Susanna discussed this with her landlady, Mrs Anna Taylor, who it emerged was quite knowledgeable about dealings with faeries. She told Susanna that if it happened again she should call upon God. She said she should ask them in name of Father, Son and Holy Ghost where they came from.

According to the records, Susanna saw the faeries again, who told her to go back to her landlady, but to call her young Anna Bennet, instead of Mrs Anna Taylor, then to go to garden and do some digging. She agreed. Susanna said that she and Mrs Taylor dug in the garden and heard a strange sound, after which Mrs Taylor thrust a spit in the garden, then went into the summer house and threw a stone.

It later emerged that it wasn’t the first time people had dug in the garden for treasure or had contact with faery beings in the house. Mrs Taylor said the previous occupant, Mr Pywell had dug in the garden for wealth, but unsuccessfully, and that  Mr Pywell later died. Mrs Taylor stopped giving evidence about this, but expressed regret over Mr Pywell’s death.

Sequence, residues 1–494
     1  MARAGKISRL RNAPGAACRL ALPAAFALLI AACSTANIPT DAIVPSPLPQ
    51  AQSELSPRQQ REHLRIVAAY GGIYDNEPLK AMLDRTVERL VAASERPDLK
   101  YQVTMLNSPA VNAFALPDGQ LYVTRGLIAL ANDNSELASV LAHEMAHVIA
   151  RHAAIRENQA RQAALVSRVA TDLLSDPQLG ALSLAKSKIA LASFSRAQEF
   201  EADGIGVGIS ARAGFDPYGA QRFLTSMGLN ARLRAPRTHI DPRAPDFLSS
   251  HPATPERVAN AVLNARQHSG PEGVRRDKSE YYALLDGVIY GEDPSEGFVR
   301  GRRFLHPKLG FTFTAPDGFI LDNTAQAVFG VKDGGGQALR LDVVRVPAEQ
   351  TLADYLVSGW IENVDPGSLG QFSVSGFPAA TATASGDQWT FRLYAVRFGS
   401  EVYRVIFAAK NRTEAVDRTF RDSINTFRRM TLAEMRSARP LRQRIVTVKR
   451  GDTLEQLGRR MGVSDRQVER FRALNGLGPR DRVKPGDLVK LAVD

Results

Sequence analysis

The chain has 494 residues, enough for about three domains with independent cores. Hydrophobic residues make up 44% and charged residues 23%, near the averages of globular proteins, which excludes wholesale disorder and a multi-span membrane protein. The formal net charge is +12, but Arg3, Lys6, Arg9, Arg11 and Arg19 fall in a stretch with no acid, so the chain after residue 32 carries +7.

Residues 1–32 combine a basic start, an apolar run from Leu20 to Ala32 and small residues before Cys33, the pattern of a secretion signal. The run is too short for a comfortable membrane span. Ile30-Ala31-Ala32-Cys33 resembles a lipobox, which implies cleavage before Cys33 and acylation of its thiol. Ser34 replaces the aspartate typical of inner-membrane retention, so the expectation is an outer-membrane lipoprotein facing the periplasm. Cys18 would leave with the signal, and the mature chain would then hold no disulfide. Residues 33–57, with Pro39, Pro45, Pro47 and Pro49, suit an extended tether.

A few weeks after the first incidents, Susanna was encouraged by Mrs Taylor to visit ‘the Queen of the Fearies’ during the daytime. However, Susanna refused to give obeisance to the fairies, despite being told to.

It would be easy to say that Susanna was gullible and it was all a fantasy. However, there are details about Anna Taylor that are unusual. Rye 13 25 documents are about questions to Elizabeth Bishop. The third question is unusual for a witch trial: “Do you know or have you heard of the books of Zachariah of Hastings that came to the possession of Anna Taylor?”

Zachariah was a real person, a cunning man. Ten years before this trial, there was a deposition that his advice had been sought in a case of witchcraft. He recommended getting blood from the witch to end her influence. Anna Taylor is clearly the daughter of a wise woman, old Anna Bennet, and there is a lineage of visions of seeing fairies.